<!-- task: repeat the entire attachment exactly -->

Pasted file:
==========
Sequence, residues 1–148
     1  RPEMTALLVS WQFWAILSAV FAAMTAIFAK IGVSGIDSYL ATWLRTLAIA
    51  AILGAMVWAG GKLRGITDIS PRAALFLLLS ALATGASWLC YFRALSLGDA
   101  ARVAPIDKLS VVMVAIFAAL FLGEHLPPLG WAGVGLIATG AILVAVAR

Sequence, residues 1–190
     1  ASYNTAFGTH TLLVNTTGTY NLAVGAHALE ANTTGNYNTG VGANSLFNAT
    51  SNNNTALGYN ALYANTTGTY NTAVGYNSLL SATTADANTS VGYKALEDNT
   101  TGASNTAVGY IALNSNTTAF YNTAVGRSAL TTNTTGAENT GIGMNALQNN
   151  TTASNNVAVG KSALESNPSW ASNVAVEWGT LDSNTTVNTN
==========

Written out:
Sequence, residues 1–148
     1  RPEMTALLVS WQFWAILSAV FAAMTAIFAK IGVSGIDSYL ATWLRTLAIA
    51  AILGAMVWAG GKLRGITDIS PRAALFLLLS ALATGASWLC YFRALSLGDA
   101  ARVAPIDKLS VVMVAIFAAL FLGEHLPPLG WAGVGLIATG AILVAVAR

Sequence, residues 1–190
     1  ASYNTAFGTH TLLVNTTGTY NLAVGAHALE ANTTGNYNTG VGANSLFNAT
    51  SNNNTALGYN ALYANTTGTY NTAVGYNSLL SATTADANTS VGYKALEDNT
   101  TGASNTAVGY IALNSNTTAF YNTAVGRSAL TTNTTGAENT GIGMNALQNN
   151  TTASNNVAVG KSALESNPSW ASNVAVEWGT LDSNTTVNTN